Research

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The Research Page

Mathematical Model of a Guitar String

Back in 2014 I started developing a simple mathematical model of a guitar string. Why? Well, I had started making guitars, and wanted to make better ones. I am also interested in maths and physics, so it seemed like a good idea! I suppose I was primarily interested in trying to find a better way of ensuring that a guitar was as in tune with itself as it was possible to be. I wanted to try and answer questions like:

  • how do you know where to put the frets on a fingerboard?
  • how accurate do fret positions have to be?
  • how do you intonate a guitar?
  • why do guitars allow for adjustments to be made to bridge positions for each string?
  • why don't guitars allow for adjustments to be made to nut positions for each string?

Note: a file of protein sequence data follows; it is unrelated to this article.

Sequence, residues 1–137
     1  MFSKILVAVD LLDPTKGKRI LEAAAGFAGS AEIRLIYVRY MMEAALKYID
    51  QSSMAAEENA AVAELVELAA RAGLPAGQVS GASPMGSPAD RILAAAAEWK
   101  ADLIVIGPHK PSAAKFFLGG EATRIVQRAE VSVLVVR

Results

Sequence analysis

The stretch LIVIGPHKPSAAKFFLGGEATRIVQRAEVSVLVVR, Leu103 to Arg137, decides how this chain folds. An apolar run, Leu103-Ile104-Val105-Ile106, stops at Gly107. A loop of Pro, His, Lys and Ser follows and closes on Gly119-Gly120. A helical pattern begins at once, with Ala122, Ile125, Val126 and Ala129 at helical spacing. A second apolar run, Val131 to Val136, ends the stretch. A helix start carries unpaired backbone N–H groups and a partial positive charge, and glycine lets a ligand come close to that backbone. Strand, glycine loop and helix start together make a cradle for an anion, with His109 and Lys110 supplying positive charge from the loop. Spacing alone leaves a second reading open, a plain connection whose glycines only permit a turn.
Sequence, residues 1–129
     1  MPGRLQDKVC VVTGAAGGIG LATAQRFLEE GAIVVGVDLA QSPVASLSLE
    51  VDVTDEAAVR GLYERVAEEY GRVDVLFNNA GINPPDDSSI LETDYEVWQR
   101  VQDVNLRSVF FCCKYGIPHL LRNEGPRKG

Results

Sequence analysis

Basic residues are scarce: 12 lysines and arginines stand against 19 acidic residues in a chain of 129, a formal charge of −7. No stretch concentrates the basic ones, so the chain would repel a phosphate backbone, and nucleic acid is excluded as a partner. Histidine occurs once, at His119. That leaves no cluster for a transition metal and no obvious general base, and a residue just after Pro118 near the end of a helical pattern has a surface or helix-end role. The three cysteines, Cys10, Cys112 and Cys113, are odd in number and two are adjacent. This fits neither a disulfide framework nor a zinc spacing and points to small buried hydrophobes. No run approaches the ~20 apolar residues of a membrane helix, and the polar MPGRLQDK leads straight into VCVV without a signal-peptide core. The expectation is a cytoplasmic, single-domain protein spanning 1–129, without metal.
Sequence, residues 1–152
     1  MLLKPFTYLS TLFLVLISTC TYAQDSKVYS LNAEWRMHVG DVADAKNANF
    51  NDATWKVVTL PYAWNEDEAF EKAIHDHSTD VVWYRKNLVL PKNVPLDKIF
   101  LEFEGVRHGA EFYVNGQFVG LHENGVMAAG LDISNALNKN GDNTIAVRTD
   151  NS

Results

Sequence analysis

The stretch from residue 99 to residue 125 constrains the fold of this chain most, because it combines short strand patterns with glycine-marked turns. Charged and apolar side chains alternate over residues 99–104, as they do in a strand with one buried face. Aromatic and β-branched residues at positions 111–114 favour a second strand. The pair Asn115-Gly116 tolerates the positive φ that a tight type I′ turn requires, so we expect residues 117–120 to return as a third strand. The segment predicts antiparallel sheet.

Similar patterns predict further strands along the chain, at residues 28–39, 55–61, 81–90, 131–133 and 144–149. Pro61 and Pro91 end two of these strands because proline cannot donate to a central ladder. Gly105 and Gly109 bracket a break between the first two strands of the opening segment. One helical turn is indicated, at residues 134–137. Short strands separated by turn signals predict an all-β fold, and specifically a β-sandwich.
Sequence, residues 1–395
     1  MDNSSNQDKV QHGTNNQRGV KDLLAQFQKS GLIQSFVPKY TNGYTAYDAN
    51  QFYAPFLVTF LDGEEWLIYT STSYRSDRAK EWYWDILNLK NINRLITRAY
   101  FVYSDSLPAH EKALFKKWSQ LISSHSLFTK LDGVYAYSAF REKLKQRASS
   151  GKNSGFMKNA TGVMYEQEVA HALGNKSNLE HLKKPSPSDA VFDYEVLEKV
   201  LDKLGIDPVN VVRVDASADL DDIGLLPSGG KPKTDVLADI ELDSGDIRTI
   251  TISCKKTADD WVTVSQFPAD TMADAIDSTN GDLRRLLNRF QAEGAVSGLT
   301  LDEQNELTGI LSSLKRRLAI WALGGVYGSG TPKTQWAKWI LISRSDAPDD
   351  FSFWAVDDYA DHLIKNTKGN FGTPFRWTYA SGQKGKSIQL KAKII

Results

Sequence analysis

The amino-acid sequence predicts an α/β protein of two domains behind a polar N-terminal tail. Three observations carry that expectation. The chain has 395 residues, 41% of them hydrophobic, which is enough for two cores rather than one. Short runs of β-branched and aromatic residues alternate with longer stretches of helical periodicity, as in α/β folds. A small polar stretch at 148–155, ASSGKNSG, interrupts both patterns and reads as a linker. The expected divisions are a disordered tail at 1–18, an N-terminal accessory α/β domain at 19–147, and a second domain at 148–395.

So, here is the current state of my model. I've written a number of documents. This one is about fret theory in general. I haven't come up with this stuff. This is generally known.

Fret Theory



This is the main thrust of my model:

How to Intonate a Guitar



And these are consequences of my model:

How Accurate do Frets Have to Be?

Model Sensitivities



This model has not been tested. I could say the reason for this is that I'm a theoretical physicist, but the real reason is that I don't have the tools or the environment to do the job properly.



And here is the computer program based on my model. The zip file contains the program (written in Java), instructions, and sample string data.

Guitar Intonator Program

Research

If you are interested in mathematical models of guitar strings, please check this out, and get back to me about all the mistakes that I've made.